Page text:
“That’s so depressing!” was my American friend’s reaction to me saying that opening a bank account was the easiest thing since I moved here.
If, like me, you are moving to France from North America you will find that life can get a little let’s say “complicated”.
So I decided to make it fun, while leaving some tips that may be helpful for other fellow Canadians/Americans who may be facing a similar situation.
Normally, if you have the right documents, as in a visa and a proof of address, opening a bank account and getting it to work should be a very straight forward manner, unless you are in France.
Keeping in mind that the French have a different definition for customer service than we do in North America, I gathered all my papers and went around the banks in my neighborhood. Most of them broadly answered my questions with some obviously losing interest after a couple of questions or clarifications. I ended up choosing Credit Agricole because they actually answered all my questions.
You will need to wait couple of weeks for the carte bleue to arrive to the branch, while the pin code will be mailed separately to the address you put down, so don’t expect to be able to use the card right away. And while you are at it, order a checkbook, it is free and checks are widely used in France, it will take about a week to arrive.
Now, I was told that I should have “un peu d’argent” in my account in order to be able to use the card but nobody will actually tell me how much that is. I figured it is about couple of hundred euros, especially that I needed an active visa card so I can actually transfer money. But I guess that wasn’t enough, when I went to check if the card arrived, they initially said no but when I explained that I am leaving in 2 days and asked if I can expect it to arrive before, they looked again and “found it”. They also insisted that I should have “un peu plus d’argent” before I can use it again without specifying what that actually meant. Needless to say, the card didn’t actually work and I had to wait to come back and inquire when I realized that they gave me the card without taking the hold off it.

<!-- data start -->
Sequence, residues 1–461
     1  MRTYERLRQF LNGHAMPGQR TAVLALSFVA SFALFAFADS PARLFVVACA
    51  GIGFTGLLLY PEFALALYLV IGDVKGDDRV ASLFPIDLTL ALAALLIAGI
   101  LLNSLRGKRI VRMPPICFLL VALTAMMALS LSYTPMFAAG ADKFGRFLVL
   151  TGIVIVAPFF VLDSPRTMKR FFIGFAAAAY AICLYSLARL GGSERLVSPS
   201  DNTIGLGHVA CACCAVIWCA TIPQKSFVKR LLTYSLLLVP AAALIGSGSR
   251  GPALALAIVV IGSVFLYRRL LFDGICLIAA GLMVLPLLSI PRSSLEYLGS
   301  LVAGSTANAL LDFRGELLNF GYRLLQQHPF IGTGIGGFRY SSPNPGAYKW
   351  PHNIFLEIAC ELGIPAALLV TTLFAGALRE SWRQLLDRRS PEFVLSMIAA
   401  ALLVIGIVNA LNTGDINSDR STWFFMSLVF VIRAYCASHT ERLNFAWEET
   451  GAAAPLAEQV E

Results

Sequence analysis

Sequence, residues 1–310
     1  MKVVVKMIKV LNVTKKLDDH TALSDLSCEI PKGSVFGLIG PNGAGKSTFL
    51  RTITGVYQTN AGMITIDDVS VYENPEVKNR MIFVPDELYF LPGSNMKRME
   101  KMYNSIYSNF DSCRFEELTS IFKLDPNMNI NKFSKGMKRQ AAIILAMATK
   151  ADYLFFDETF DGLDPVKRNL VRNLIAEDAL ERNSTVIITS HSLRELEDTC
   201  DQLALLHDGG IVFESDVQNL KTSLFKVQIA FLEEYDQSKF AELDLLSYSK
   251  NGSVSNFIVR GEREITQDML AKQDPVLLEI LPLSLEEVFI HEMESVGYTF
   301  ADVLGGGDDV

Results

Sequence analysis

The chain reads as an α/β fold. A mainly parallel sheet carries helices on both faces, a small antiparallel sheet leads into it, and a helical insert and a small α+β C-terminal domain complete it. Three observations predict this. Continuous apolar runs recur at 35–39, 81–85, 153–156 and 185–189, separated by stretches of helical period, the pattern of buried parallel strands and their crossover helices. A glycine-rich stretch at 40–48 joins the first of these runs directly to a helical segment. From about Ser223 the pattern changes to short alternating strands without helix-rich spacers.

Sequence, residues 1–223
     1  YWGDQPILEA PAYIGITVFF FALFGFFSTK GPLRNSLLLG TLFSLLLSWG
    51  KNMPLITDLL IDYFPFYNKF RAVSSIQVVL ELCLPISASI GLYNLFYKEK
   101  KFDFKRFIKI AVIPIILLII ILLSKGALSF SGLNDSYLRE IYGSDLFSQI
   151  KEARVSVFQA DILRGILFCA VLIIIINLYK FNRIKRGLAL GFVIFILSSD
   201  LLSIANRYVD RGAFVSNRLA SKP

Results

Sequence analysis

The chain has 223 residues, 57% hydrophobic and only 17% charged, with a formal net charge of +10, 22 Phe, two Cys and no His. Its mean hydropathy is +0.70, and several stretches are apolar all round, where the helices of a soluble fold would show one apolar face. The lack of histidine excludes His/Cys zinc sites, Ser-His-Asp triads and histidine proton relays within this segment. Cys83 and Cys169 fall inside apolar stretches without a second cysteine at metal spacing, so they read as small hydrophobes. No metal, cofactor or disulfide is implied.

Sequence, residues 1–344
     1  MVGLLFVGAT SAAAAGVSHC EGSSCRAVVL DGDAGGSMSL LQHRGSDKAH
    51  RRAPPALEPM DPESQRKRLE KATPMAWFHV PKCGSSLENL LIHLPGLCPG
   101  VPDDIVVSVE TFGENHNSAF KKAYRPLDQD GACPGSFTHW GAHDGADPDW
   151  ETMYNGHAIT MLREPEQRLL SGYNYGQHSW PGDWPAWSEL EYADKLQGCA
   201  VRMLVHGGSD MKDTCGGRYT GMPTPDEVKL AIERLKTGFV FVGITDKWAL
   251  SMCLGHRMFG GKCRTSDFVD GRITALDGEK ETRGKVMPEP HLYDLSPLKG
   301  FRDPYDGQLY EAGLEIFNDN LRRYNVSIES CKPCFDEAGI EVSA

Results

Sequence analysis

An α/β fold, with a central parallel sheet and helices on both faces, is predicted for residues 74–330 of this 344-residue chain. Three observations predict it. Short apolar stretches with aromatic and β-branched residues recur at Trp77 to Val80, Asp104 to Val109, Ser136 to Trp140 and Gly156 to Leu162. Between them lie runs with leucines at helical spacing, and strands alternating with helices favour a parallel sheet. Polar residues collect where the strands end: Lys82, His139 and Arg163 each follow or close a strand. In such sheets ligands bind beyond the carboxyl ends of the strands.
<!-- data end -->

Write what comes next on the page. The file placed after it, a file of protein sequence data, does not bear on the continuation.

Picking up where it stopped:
So, to make a long story short, if you have your documents after a few visits to the bank you should enjoy the luxury of owning an operational carte bleue.
– You can open a bank account without having a job.
– You can only open a bank account in the arrondissement corresponding to your address.
– You need your passport and a copy of your long-term visa in order to open the account.
– Your proof of address can be a note from the person who is hosting you (without pay) and it can be immediate, or a proof that you are renting a space AT LEAST FOR THREE MONTHS.
– Stay away from HSBC, it is expensive and doesn’t really work as well as you think an international bank should.
– PNB Paribas has some connection or partnership with a Canadian bank, but the receptionist couldn’t remember which one (and I chose not to go with them so I didn’t inquire further).
– If your home bank doesn’t allow international transfer to be done virtually, make sure you get a “visa carte bleue” with a bank that your home bank approves transfers to.
– AND, do not expect things to work from the first time!